trevor houser is a visiting fellow at the Peterson Institute for International
Economics and Director of China Strategic Advisory’s Energy Practice. Mr.
Houser is also a visiting fellow and Adjunct Professor at the Colin Powell
Center for Policy Studies at the City College of New York. He can be reached at
The Roots of Chinese
Oil Investment Abroad
asia policy, number 5 (january 2008), 141–66
• http://asiapolicy.nbr.org •
keywords: china; oil; national oil companies (noc); energy
security; economic policy; foreign policy
This article examines the confluence of domestic factors, both economic and
political, that shape the behavior of Chinese oil companies abroad and the
implications for energy security in China and the rest of the world.
•	 Enterprise	reform,	price	liberalization,	and	the	introduction	of	management
incentives	 and	 competition	 have	 greatly	 fostered	 the	modernization	 and
marketization	 of	 China’s	 petroleum	 industry.	 These	 factors	 have	 also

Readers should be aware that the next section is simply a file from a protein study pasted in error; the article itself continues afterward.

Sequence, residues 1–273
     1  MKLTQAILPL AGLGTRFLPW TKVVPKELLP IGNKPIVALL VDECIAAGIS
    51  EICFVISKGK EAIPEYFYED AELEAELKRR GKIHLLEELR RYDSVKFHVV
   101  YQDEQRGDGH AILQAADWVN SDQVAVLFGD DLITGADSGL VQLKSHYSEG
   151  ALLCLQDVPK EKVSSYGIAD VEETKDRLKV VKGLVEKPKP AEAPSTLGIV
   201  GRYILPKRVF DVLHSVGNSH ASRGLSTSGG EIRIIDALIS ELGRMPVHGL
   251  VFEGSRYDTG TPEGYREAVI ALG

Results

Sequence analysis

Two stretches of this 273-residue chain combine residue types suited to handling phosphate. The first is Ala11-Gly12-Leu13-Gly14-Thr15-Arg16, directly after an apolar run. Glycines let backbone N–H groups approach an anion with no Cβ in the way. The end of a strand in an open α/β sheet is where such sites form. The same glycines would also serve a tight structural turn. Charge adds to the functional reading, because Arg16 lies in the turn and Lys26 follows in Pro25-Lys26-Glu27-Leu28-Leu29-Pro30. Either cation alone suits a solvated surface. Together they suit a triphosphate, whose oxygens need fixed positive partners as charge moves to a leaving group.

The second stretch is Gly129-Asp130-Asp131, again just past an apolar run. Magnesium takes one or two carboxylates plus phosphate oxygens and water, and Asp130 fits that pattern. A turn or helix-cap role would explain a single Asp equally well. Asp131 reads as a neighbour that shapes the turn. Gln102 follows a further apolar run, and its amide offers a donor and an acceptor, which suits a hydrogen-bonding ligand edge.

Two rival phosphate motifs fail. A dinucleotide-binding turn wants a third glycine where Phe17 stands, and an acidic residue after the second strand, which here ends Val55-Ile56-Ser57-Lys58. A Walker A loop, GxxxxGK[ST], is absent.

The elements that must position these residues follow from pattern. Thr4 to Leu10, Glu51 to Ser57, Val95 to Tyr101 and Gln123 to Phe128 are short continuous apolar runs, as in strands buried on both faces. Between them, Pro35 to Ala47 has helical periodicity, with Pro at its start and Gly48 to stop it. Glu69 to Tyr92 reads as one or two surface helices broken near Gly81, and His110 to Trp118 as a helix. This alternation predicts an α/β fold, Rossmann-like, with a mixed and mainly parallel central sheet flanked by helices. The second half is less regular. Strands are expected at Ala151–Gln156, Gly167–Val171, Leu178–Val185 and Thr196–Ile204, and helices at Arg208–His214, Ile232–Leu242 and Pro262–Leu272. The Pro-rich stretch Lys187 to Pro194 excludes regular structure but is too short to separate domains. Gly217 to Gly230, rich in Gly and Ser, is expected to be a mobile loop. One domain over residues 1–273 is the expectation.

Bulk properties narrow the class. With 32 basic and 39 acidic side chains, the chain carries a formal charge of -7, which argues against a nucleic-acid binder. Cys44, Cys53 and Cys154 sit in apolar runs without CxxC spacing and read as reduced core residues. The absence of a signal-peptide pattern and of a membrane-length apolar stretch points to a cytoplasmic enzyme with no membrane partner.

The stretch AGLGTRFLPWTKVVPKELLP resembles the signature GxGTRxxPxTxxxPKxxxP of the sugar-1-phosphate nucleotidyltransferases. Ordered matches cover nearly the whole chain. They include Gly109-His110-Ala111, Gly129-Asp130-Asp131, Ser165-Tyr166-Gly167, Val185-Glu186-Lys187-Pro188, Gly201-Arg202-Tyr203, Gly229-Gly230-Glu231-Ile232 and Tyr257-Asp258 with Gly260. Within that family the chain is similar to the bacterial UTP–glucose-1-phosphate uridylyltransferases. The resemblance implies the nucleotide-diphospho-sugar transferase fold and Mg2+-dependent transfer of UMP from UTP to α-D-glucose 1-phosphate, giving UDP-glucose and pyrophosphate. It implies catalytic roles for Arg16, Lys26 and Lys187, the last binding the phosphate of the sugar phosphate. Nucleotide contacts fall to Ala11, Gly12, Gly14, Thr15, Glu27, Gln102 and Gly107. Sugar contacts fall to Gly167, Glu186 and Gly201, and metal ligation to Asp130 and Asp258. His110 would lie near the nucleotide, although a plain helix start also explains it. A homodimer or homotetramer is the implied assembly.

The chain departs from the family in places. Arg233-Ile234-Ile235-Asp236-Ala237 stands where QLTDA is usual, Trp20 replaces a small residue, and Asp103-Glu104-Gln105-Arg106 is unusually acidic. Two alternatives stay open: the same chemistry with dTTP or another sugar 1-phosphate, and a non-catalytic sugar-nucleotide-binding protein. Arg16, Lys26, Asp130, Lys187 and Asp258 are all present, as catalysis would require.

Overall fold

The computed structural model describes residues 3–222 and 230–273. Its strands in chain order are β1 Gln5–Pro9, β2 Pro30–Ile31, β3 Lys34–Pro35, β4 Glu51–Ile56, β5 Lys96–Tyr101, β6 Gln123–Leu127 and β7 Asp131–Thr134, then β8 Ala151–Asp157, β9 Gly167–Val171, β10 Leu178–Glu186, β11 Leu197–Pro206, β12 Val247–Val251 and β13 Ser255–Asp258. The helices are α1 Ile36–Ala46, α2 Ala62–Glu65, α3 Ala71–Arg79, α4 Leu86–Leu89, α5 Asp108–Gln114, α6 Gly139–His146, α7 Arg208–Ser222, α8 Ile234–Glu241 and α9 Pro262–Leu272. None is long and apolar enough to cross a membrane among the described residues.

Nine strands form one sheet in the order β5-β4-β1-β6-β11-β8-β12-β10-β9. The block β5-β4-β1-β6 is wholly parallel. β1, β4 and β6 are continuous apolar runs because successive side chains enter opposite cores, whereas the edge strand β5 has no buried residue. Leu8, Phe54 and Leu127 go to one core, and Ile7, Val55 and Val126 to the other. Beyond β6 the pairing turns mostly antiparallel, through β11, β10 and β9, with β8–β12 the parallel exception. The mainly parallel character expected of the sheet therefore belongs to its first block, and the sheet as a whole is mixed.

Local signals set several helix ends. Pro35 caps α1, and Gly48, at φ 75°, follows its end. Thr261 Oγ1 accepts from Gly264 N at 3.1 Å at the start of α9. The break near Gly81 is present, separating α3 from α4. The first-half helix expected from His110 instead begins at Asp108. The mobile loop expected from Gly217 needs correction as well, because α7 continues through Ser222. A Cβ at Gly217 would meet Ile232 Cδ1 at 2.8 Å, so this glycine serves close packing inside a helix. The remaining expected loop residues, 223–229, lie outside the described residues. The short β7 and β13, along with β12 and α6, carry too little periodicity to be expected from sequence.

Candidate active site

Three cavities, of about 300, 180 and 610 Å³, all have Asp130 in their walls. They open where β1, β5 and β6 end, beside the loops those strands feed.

blurred the relationship between the oil companies and the government
that owns and regulates them.
•	 Though	Beijing	 actively	 encouraged	overseas	 investment	 in	 the	past,	 the
companies are taking the lead today, shaping policy to suit economic
•	 The	international	competitiveness	of	Chinese	firms	stems	less	from	overt
government support than from a higher risk threshold and a willingness to
accept lower returns on investment.
•	 Because	 little	of	 the	oil	Chinese	companies	produce	abroad	comes	home
and	human	and	political	costs	of	supporting	the	firms’	activities	overseas
are	growing,	leaders	in	Beijing	are	actively	debating	the	merits	of	China’s
“going out” strategy.
•	 The	U.S.	would	benefit	more	by	focusing	on	the	incentives	facing	individual
firms	than	by	focusing	on	policy	pronouncements	from	Beijing.
•	 “Equity	agreements”	signed	by	Chinese	oil	companies	look	largely	the	same
as those s